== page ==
Read-aloud is not just about uttering written text. Many studies have presented effective ways of reading storybooks to children (Rao et al 2016, Mcgee et al 2007, Lane et al 2007). In line with the research, the video shares ideas on how to read to children, in addition to ways of discussing storybooks before, during & after reading. Effective reading helps develop different components of Emergent Literacy (pre-literacy skills) in young children. 

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Video (5): Developing Children's Soft Skills Through Read-Aloud

As a follow up to Video (3) and the findings of the Nobel Prize winner Prof. James Heckman, this video shows some examples of how storybooks can help introduce social skills to a young child, such as: cooperation, teamwork, empathy … etc.

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Video (6): The Scope of Children’s Books & the Importance Reading for Pleasure.

The video comprises of two parts. The first part introduces different types of children's books that serve different purposes (primarily for ages 0 to 8). For instance: leveled/graded reader books that children read themselves for literacy development; read-aloud picture books; read-aloud chapter books with less illustrations; fiction versus non-fiction books; rhyme books that help develop phonological awareness. The second part of the video discusses Reading for Pleasure as a key objective of read-aloud. The video outlines research on the critical role of Reading for Pleasure from the Ministry of Education in the UK (Clark et al 2006) and The OECD (Study 2002).

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Video (7): Five Facts to Know About Our Language "Arabic"

The video shares hard facts about the particular linguistic situation of the Arabic language. It explains what Arabic language diglossia is; how diglossia is different from bilingualism; how Arabic diglossia is distinct from most other diglossia in the world; why Arabic diglossia can be referred to as a case of "frozen" diglossia. The video also highlights real-life evidence that Arabic dialects are neither vulgar nor are the language for the uneducated - as claimed by some. Furthermore, the video outlines the definition of a mother-tongue from the perspective of children. Finally, it shares important findings from a quantitative study that calculates the extent of the difference between fusHa and aamiya for Kindergarten children (Saiegh-Haddad et al 2014).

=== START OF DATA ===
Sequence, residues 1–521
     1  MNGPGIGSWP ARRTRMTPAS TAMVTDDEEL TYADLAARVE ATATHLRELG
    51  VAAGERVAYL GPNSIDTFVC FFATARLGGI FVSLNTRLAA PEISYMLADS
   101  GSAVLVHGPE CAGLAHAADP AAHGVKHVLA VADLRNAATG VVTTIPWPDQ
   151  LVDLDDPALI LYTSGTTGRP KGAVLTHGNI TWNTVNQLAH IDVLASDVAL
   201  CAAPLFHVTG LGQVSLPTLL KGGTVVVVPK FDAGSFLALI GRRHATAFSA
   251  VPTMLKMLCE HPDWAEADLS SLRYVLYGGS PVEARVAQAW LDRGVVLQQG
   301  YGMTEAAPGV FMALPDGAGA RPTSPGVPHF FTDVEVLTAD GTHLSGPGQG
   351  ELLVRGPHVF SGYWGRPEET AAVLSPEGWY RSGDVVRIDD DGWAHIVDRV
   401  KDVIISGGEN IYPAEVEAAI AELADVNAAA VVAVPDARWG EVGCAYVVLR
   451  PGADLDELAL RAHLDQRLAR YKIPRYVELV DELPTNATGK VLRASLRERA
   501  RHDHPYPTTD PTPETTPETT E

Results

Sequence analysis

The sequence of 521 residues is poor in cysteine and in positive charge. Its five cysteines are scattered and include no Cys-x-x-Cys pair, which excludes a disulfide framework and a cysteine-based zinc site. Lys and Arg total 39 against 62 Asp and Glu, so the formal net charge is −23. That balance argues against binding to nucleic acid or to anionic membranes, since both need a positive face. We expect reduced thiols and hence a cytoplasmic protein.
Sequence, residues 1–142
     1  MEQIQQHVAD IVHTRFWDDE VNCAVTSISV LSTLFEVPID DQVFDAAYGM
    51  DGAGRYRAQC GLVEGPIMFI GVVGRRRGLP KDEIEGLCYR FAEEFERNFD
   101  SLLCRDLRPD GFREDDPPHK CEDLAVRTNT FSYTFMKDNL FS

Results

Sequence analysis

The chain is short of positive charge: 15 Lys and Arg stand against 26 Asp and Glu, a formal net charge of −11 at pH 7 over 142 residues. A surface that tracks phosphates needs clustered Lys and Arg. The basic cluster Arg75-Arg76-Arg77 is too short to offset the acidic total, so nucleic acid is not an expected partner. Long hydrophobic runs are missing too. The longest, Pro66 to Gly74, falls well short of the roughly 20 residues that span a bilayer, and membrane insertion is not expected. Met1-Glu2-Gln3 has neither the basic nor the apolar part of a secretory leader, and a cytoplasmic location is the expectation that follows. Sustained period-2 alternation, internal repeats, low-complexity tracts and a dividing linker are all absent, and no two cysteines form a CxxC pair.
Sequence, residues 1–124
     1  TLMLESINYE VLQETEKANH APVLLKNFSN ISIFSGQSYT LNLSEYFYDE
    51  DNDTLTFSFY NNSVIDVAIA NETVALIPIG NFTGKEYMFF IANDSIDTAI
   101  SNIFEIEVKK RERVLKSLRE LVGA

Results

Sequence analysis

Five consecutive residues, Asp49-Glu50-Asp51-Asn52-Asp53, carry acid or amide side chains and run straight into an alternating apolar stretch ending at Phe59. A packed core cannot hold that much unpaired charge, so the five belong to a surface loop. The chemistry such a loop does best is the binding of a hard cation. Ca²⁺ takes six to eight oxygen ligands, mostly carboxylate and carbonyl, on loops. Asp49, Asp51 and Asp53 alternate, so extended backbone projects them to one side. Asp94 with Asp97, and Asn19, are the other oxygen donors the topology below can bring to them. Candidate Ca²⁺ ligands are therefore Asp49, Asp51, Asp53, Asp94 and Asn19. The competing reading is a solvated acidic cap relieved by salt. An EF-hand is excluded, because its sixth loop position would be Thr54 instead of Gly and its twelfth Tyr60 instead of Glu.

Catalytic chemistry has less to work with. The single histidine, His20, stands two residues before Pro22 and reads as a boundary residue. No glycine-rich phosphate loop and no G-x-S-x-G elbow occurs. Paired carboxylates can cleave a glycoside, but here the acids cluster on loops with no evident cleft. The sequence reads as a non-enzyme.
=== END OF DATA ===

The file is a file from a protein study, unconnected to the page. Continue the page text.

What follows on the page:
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Video (8): Hey Egypt! We Can Sell More Children’s Books Than Sweden.

The video compares the children's book market in Egypt to the Swedish market. In a country the size of Egypt with 100 million people (of which 24% are 9 years old or younger) one would expect a more successful children's book market. Currently an average issue (print-run) of a new children’s book title is 1000 copies (or 2000 at max). Even if one was to only consider the 2 million children enrolled in the private school system in Egypt (PwC 2018/2019), book sales should be much higher. In light of the small size of book issues, the video also explains the reason for why the cost of books in Egypt are relatively high.

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Video (9): Why Do We Need Children’s Books in Aamiya? The Elephant in the Room.

The question addressed in this video is at the heart of the Tuta-Tuta intuitive. The video includes: (1) evidence that most adults do not read the fusHa text of children’s storybooks (neither parents, nor nursery & kindergarten teachers, and in many instances nor the authors who wrote the books). Most adults resort to the technique of on-the-spot translation from fusHa to aamiya; (2) a 3-minute video by McGraw Hill Education in which two education & literacy professors (Dr.Timothy Shanahan from University of Illinois Chicago & Dr. Douglas Fisher of San Diego State University) discuss the importance of print and reading the text during read-aloud; (3) reasons for on-the-spot translation and 7 limitations of this technique; and (4)​  a discussion of the unfounded claim that reading children’s books written in aamiya harms learning fusHa. Finally, presenting the idea that aamiya and fusHa storybooks should be regarded as complements and not substitutes. This video is also available in a summarized form, as parts A & B below.

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Video (9-A): Why Do We Need Children’s Books in Aamiya? The Elephant in the Room.